Join The Parade, New South Wales - Ph:+61-2-1234-5678

Published on 10 Dec 2016

STEAM - Putting the A into STEM

Which philosophy do you prefer? 1. Everybody in this country should learn how to program a computer, because it teaches you how to think - Steve Jobs

2. Everybody in this country should learn how to think, because it also teaches you how to program a computer - Anon

Speaking of coding, Brian Heese (2014) writes: ‘when you learn computer programming you learn how to check your work for details, how to apply logic and how to persist at a task. You also learn how to ask a good question, often in written form. Finally you learn how to collaborate because much programming today is accomplished in teams. These timeless skills and learning behaviours will endure far longer than any programming language.’

Writing computer programs is is not the only way to learn how to code…. To put the A for art into their STEM project, students learn how to code using the languages of music and dance in an immersive STEAM learning environment.

By participating in an authentic STEAM project, we would argue that students gained the same benefits as gained from computer coding… and a lot more.

  • Original demo here

EXAMPLE PLANNING: Decide what style of music you want to create For example: A simple, bright, fun, techno dance track and promotional art work. Listen to .mp3 music tracks and download some that you like: Only use legal, public domain or similarly licensed music like: OpenMusic or Youtube music library This music track should be simple - it is only used to form a foundation - you may overwrite most/all of this when adding your own instruments, vocals and special effects.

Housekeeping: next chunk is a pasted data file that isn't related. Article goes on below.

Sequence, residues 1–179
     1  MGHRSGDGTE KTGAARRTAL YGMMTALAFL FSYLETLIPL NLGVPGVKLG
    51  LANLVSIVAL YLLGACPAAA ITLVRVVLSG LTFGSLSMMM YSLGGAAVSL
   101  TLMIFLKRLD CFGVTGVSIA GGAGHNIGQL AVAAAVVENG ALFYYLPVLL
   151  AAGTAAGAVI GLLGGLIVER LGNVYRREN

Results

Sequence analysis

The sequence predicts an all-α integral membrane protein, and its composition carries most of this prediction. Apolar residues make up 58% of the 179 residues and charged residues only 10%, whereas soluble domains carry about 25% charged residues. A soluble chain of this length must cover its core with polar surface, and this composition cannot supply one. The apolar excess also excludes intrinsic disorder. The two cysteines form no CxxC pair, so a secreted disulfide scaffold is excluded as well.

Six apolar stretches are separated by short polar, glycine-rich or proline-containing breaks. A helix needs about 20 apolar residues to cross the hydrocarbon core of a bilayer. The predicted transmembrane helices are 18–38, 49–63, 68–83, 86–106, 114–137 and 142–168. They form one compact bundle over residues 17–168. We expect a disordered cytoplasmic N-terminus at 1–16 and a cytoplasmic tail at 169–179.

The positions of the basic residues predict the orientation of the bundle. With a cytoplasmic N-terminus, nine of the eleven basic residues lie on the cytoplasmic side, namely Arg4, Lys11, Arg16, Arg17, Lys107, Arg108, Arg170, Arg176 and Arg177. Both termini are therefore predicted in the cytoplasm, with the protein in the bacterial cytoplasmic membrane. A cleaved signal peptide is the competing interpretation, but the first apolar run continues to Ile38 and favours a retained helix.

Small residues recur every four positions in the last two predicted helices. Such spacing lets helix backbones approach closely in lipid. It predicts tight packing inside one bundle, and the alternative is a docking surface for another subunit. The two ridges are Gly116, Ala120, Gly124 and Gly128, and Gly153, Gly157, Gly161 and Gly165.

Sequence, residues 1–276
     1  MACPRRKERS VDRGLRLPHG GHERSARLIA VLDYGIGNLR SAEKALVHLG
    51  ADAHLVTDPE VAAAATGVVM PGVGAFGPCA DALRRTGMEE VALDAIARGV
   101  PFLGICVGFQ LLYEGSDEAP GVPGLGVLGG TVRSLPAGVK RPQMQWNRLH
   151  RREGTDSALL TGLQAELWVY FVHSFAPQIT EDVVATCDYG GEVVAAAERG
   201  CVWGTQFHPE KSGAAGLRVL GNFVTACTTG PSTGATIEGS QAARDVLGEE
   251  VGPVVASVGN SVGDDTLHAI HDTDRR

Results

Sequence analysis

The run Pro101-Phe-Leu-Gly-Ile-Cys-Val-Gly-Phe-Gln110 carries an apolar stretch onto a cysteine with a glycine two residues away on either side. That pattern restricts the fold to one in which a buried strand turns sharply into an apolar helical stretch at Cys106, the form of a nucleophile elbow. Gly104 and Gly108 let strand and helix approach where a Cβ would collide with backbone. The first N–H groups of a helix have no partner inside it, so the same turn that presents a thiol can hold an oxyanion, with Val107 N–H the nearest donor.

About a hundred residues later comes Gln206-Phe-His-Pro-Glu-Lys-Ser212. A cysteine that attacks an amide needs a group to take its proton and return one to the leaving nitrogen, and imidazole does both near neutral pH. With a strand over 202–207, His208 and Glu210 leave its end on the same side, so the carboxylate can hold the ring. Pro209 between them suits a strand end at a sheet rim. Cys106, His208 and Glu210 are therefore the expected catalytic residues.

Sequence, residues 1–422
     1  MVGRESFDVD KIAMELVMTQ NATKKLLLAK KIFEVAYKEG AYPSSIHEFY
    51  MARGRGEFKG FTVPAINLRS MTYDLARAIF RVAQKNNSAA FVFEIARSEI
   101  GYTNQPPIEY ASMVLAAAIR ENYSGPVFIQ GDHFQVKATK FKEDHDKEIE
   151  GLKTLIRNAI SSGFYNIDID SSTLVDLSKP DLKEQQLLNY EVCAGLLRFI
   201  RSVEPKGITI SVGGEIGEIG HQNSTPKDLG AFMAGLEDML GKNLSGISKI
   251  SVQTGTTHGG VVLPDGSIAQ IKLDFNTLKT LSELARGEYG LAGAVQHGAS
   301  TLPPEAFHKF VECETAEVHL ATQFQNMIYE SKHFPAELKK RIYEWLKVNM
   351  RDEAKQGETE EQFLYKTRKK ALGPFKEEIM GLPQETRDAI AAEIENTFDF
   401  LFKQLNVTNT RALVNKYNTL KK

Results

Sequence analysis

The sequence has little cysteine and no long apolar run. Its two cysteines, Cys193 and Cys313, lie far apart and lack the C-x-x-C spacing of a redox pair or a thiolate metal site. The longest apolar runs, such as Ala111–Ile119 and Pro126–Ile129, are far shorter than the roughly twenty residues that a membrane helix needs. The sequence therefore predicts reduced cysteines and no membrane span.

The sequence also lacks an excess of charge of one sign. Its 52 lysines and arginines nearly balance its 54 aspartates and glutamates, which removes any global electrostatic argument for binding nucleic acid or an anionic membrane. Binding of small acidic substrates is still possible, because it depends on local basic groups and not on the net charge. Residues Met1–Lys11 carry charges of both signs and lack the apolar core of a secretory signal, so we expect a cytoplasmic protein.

EXAMPLE MUSIC TRACK: Import your selected music file into Audacity (see Audacity user manual here Create a 'Label' track to identify what instruments/sounds will be played in each section. Example, section labels like: introduction, main song, chorus, finale, fade out. Play the music track, sing/play along and modify your lyrics/notes to suit background track Create an additional, new track to record and to store your own song/music Play back both the original background and your new sounds You may need to 'mix' the tracks so that they play well together: see the Audacity tutorials You may end up with five or six tracks that contain different sounds. To avoid confusion while editing and re-organising the timing and content of multiple tracks, it is usually best to 'Mute' some tracks or play back a single track as 'Solo'

Example Introduction: Sydney, London, Paris, Rome, Beijing, Wahroonga… Wahroonga?

Main Song Phrases (repeated): My science teacher said Prove the Earth's not flat My creative art teacher said Design a hex hat My engineering teacher said Make a cricket bat My technology teacher said Code some music. That is that!

Background sounds: Ah Um Ooh

Other voice/background sounds: Wahroonga. Wahroonga? Wear the hex hat!


AS well as recording their own natural voices, students copied all of the lyrics an on-line 'text to speech' converter. The text2speech files were downloaded as mp3 files, using both male and female voices. The .mp3 files were imported into Audacity and used as part of the song. Each student had to edit, move, arrange, loop and branch multiple tracks so that the timing and arrangement was harmonious.


The final Audacity sound composition was exported as a .wav file and then imported into the free Openshot (or similar) video editing software (see Openshot Manual). Any other simple video editing tool would do as well. Students created a dance video and copied and pasted sections from other youtube clips to compose their own music video.

This video is one example created using the procedure described aabove. The tracks were merged and the final clip content was exported from Openshot and uploaded direct to Youtube

brainbox/young-creators/video-z-rant/home.txt · Last modified: 25/06/2019/ 19:53 by